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Vestal laments lack of aggressive evangelism efforts in CBF ranks

KANSAS CITY, Mo. (BP)–Neither the Cooperative Baptist Fellowship nor the American Baptist Churches, U.S.A., are “aggressively evangelistic,” the CBF’s top leader, Daniel Vestal, stated Aug. 29 in Kansas City, Kan., according to a report in Associated Baptist Press.

Vestal, coordinator of the Cooperative Baptist Fellowship, a denomination-like group founded in opposition to the Southern Baptist Convention, made the comment during a panel discussion included in events marking the 100th anniversary of Central Baptist Theological Seminary. Also on the panel was the president of the American Baptist Churches, U.S.A., Trinette McCray, a campus minister and director of multi-cultural relations for Cardinal Stritch University in Milwaukee.

ABP reported that Vestal’s assessment of the evangelistic temperature of the CBF and ABC was part of his response to a Central Seminary professor’s question, “What is a concern, problem or weakness unique to ABC and CBF, and what is one that you think you have in common?”

Vestal, addressing a challenge shared by the CBF and ABC, said, according to ABP, “To be honest, as I look at ABC, I guess I don’t see ABC churches and folks being really aggressively evangelistic. They don’t win a lot of people to Jesus. However, having said that, I don’t see most moderate Southern Baptist churches being aggressively evangelistic. We’re not really passionate about the gospel changing people’s lives. We’re … more oriented to political correctness and relevancy. To be candid, I see that as a problem that both ABC and moderate Southern Baptists share.”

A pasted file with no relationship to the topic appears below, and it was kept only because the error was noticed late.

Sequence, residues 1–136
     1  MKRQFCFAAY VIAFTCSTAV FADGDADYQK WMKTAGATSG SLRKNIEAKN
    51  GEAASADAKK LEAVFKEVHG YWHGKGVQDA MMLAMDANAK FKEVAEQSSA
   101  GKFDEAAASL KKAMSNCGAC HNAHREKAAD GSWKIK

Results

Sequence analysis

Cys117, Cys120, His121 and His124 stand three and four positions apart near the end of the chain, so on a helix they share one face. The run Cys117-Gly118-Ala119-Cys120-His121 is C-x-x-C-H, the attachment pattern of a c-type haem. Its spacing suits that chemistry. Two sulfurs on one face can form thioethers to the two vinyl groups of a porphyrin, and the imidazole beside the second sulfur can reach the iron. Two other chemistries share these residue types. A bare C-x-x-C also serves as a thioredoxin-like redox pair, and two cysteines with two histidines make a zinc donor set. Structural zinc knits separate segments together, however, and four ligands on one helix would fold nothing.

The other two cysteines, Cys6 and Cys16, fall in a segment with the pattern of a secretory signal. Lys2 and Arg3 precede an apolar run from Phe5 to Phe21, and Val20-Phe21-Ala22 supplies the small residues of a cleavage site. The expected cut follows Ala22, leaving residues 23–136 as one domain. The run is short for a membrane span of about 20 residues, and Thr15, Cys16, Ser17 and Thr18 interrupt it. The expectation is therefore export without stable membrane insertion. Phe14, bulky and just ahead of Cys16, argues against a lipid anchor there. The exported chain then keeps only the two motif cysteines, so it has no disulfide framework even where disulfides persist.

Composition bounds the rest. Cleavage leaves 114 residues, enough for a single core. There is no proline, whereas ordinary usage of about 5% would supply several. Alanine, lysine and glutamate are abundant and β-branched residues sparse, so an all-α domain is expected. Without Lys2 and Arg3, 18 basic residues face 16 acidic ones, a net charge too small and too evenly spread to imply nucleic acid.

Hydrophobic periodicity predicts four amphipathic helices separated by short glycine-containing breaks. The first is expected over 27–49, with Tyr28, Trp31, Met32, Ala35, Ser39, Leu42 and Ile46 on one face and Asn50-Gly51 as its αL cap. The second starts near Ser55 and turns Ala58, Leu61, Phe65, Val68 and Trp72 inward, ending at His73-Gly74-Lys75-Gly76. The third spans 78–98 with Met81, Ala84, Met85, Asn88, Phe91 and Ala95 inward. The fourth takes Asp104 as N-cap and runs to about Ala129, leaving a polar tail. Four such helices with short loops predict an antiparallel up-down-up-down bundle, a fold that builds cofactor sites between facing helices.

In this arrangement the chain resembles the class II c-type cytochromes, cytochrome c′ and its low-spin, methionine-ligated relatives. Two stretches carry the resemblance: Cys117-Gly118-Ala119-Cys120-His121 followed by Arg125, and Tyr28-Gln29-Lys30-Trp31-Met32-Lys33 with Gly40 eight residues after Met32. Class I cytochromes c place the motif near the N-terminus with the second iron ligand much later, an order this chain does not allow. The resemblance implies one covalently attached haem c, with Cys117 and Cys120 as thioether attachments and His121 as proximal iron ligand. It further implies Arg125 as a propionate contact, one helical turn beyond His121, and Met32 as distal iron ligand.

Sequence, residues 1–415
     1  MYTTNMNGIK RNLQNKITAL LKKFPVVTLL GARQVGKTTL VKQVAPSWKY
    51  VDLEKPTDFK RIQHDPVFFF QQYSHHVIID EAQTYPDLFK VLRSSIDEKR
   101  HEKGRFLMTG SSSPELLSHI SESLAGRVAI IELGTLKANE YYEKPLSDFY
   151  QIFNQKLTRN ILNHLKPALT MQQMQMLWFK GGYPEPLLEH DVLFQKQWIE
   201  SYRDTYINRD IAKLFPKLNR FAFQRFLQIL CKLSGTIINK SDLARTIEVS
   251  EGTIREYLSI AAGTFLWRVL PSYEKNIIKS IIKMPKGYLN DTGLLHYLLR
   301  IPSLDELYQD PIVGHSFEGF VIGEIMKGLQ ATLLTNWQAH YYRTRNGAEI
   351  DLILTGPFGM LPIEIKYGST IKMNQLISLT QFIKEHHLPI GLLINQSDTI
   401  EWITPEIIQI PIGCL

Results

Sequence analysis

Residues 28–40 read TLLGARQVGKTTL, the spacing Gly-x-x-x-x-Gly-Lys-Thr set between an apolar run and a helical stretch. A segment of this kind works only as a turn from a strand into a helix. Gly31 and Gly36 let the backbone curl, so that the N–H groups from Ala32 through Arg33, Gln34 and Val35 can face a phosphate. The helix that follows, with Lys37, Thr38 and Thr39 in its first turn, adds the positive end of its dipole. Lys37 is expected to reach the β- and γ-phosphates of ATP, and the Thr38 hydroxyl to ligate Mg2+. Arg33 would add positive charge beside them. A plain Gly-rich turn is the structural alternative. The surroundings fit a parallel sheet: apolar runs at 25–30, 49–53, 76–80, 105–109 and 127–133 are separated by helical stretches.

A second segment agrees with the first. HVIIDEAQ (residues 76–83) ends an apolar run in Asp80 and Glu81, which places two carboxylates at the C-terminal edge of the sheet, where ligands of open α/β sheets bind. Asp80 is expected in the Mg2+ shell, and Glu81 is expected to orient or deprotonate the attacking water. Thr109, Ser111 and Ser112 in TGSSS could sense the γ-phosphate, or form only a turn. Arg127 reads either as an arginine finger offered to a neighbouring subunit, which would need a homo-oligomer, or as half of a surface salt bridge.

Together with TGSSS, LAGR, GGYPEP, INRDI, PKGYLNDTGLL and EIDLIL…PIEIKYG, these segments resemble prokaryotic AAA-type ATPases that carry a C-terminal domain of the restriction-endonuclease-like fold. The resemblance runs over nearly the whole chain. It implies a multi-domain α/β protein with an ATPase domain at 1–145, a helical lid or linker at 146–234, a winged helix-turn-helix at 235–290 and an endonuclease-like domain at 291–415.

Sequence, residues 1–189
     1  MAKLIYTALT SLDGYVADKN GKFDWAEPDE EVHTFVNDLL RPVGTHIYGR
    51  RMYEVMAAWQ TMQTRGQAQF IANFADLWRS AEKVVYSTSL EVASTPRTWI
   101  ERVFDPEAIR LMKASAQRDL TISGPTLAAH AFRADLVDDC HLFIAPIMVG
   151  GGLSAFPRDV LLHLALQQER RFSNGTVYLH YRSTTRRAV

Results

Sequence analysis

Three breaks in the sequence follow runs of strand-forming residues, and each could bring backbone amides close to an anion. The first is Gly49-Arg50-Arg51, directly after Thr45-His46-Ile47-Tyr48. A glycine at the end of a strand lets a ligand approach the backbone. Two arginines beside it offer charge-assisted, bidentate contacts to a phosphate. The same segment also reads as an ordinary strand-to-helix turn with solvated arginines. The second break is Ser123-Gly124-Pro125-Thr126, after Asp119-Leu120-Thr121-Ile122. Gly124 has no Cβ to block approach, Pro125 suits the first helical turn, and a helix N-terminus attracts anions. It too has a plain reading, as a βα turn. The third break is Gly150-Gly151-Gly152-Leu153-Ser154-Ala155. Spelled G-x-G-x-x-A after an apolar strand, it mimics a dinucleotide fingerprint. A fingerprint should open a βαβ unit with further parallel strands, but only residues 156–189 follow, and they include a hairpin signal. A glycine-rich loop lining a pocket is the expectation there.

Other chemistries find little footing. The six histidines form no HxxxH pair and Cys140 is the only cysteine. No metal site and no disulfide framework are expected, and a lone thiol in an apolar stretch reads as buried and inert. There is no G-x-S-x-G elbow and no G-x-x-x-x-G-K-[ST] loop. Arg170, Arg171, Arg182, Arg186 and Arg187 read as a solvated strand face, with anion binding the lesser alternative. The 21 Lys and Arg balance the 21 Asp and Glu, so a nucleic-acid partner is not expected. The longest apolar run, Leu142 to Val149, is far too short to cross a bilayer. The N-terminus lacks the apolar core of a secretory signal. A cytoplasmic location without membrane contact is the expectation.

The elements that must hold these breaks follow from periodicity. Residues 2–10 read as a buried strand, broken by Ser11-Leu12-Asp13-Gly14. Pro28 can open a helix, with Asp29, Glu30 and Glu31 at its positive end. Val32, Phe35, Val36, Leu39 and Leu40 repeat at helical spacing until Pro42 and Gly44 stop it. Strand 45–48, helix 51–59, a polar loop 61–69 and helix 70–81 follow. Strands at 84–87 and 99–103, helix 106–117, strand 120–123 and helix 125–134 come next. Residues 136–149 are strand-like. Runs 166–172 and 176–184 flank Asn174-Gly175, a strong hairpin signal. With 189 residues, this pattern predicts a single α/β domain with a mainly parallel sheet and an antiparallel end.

CBF and ABC churches share “an awful lot of affinity,” Vestal said, according to ABP. “There’s a tremendous amount of identity, such as commitment to theological education, to racial inclusivity, to gender balance, to the local church.”

The CBF is being assisted by the ABC through the creation of a CBF retirement plan for ministers and church employees through the American Baptist Ministers and Missionaries Benefit Board.

“There are some very practical, structural, tangible ways that partnering has started” between the CBF and ABC, Vestal said, also citing the two groups’ mutual support for Central Seminary.

The CBF also will find a partner in the Baptist General Convention of Texas, according to comments by David Currie, leader of Texas Baptists Committed, a key anti-SBC organization in Texas, spoken in an interview with Baptists Today.

“Out of its [BGCT’s] independence, it will partner with CBF, it will partner with other state conventions,” Currie said in the journal’s September edition. Baptists Today, on its Internet site, did not provide any further comments from the interview with Currie about his prediction.

In the Central Seminary panel discussion, the ABC’s McCray said her denomination could learn about courage from the CBF — “what it means to see the need, to seize the moment, to find perhaps that time that God decided, either through controversy or otherwise, to cut into our affairs and have the courage to strike out onto a new path,” ABP reported. “From CBF we can see that when you walk out into deep waters, it’s good to walk out, when you just have a vision and hope that there is something in that next place that you see the hand of God directing you to.”

Vestal, meanwhile, said, “What energizes me personally and causes me some degree of envy with the ABC is the diversity they have — it’s black, brown, white; it’s male, female; it’s laity, clergy — in a much more distinct way.

“At CBF gatherings, it’s pretty much all white folks,” ABP reported Vestal as saying. “I do think we are breaking through in clergy-laity and male-female in terms of leadership, but we have so much to learn in CBF about reflecting the richness of the body of Christ.”

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